Things are further complicated here, of course, by the language of the learners beyond the written form. Writing is an extension of speaking, and both historically and personally, speaking develops first. Children arrive at phonics lessons with their key grammatical structures more or less formed, their vocabulary possibly already in the thousands, and phonological systems more or less established. That is a whole chunk of pre-literate language learning, some three years, possibly more, with little or no direct instruction in literacy. Adults get nothing like that, and the learning processes are very different. Children get to focus purely on learning, for ESOL learners learning is just one, admittedly useful, aspect of the messy business of living. Adult ESOL learners who are beginning to write do not necessarily have access to the vocabulary and the grammar that a native speaker does, adult or child. They are learning to make sense of the whole word: the denotations, the connotations, the collocations, the grammatical functions and parsing, the pronunciation, and, of course, the written form. Suddenly simple CVC words like jug, lip and dog become fairly hefty bits of learning, and a whole bunch of “friendly” onomatopoeia which appear in children’s stories and phonics learning are, well, simply childish. (Incidentally, many children’s picture books actually rely on some fairly tricky grammatical and lexical structures. A mouse took a stroll through the deep, dark wood… for example, involves a past simple verb, a specific verb-noun collocation, a slightly unusual synonym of “walk”, with a tricky prepositional phrase as an adverbial, including a relatively low frequency preposition, and two adjectives in a particular order – never “dark, deep wood” – with the meaning of “deep” being a fairly low frequency use of the word.)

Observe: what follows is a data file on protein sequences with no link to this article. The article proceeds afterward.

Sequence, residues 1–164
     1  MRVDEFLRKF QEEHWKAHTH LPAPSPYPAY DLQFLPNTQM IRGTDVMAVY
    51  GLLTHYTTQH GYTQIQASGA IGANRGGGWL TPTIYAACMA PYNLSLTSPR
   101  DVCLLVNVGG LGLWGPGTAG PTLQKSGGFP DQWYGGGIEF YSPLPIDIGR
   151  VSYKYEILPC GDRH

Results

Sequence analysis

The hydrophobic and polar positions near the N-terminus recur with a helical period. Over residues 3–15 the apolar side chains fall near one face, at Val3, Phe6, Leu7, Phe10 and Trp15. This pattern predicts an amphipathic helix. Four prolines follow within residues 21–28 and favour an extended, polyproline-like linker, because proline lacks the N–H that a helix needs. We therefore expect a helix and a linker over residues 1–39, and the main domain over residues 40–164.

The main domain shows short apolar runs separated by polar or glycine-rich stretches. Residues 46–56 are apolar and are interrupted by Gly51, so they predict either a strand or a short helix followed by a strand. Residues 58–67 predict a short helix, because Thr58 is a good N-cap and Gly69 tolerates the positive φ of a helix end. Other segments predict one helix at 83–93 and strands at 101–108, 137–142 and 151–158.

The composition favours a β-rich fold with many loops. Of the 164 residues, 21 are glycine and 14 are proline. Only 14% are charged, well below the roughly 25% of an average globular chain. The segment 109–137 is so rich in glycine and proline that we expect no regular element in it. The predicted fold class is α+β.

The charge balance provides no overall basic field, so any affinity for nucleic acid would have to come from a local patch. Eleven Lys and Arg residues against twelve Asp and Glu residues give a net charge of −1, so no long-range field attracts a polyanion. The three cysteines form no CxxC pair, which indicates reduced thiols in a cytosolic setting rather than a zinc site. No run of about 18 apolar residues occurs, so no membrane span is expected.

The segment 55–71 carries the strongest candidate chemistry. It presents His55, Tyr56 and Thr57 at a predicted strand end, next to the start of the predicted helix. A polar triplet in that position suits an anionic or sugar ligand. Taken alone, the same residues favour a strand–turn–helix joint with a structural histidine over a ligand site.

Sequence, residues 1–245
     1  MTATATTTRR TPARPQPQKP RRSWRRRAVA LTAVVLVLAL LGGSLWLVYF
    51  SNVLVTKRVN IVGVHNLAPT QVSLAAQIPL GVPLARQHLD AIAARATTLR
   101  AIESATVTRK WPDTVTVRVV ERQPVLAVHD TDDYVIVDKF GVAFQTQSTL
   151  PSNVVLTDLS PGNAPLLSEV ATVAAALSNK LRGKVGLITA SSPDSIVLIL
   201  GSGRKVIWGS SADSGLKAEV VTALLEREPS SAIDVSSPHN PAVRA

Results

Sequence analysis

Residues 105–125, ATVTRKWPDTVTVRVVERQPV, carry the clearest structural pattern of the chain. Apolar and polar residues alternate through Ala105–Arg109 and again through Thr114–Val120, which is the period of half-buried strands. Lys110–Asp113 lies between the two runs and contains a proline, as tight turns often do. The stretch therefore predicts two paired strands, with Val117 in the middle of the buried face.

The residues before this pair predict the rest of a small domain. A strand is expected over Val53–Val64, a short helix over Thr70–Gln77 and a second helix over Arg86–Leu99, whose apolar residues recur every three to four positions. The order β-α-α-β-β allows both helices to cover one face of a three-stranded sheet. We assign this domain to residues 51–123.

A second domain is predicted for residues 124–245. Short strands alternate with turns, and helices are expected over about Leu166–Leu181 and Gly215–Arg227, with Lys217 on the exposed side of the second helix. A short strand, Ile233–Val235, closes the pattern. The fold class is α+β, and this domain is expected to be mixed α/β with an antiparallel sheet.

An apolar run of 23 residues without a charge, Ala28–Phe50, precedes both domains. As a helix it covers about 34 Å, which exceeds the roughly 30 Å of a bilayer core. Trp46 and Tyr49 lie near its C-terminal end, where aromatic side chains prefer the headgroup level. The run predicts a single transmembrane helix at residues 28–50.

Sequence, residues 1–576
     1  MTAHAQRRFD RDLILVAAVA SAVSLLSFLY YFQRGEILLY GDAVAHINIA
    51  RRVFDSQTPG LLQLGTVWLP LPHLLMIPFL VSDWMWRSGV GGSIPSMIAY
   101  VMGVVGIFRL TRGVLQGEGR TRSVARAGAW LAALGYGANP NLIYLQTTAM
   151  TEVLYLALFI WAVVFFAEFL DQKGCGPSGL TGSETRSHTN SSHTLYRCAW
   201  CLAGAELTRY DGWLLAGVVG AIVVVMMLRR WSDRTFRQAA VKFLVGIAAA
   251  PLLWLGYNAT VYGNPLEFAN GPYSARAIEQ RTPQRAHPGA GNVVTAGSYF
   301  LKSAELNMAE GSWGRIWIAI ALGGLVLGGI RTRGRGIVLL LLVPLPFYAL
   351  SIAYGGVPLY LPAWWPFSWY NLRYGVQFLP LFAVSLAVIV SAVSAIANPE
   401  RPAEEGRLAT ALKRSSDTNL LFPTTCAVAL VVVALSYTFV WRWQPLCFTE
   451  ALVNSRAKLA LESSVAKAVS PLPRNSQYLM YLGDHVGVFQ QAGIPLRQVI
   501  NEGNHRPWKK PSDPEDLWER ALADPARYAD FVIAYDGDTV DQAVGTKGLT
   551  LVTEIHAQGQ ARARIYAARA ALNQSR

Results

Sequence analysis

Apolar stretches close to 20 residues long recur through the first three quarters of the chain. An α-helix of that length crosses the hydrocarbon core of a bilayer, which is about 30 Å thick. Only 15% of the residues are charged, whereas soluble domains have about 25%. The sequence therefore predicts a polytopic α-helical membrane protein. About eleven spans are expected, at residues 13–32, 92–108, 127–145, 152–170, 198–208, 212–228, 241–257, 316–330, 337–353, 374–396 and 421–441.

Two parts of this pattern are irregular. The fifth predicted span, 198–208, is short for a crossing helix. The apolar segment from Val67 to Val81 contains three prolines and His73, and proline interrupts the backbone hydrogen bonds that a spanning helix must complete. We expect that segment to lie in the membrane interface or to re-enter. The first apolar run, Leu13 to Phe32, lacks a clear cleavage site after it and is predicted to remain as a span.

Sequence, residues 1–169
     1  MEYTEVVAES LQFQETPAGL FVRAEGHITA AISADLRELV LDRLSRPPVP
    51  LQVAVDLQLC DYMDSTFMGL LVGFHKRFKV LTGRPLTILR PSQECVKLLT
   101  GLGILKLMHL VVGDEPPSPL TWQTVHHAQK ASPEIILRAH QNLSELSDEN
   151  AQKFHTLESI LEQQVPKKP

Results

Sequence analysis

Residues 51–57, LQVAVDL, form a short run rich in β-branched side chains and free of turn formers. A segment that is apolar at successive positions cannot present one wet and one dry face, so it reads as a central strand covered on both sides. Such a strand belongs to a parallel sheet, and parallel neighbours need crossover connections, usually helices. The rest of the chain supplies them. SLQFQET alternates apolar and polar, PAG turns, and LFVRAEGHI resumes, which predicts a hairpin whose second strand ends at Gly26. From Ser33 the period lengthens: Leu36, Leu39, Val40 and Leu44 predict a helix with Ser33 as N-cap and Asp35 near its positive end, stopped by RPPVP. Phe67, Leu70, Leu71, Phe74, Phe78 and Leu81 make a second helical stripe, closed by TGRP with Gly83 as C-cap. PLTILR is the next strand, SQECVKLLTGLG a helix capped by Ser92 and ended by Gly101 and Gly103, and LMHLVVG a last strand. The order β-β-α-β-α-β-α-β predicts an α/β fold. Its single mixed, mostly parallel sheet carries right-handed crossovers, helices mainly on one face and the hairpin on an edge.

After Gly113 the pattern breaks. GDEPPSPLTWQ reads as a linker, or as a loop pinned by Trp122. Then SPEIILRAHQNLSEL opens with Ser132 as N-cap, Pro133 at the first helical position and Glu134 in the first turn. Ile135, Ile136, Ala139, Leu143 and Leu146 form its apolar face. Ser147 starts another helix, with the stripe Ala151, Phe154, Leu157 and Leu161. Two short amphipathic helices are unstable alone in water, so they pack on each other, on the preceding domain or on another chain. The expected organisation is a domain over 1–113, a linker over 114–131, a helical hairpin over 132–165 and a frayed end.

So there are some challenges with a teaching methodology used for small children being applied to the practices of adults. Like any good teacher, of course, we pick and mix from the various things around us. My own approach to beginner reading is very much a blend: I want learners to be able to recognise key words, decode the word from the overall shape, be able to understand the shape of the text, recognise text types and so on. So sometimes I focus on relatively straightforward phonic combinations, for example, working with CVC words, and more complex spelling/pronunciation rules, including invoking the magic ‘e’ idea of my own childhood. The magic e rule, incidentally, also provides us with one of the more challenging elements of these kinds of rules. Typical beginner sentences in an ESOL class is “I come from ….” and “I have…”which immediately run counter to the magic e rule, or at least demands a modification of the rule. At other times a more analytic approach is more useful, building up whole word recognition skills from context, spotting patterns and so on. Indeed, this, for many adults, is likely to be a more useful skill in general, with support from the synthetic approach to sounding out words. Adults are exposed to the written word all the time, and may need to have the skills to hand to make quick sense of fairly tricky words like “post code”, “date of birth” and “arrival in the UK”.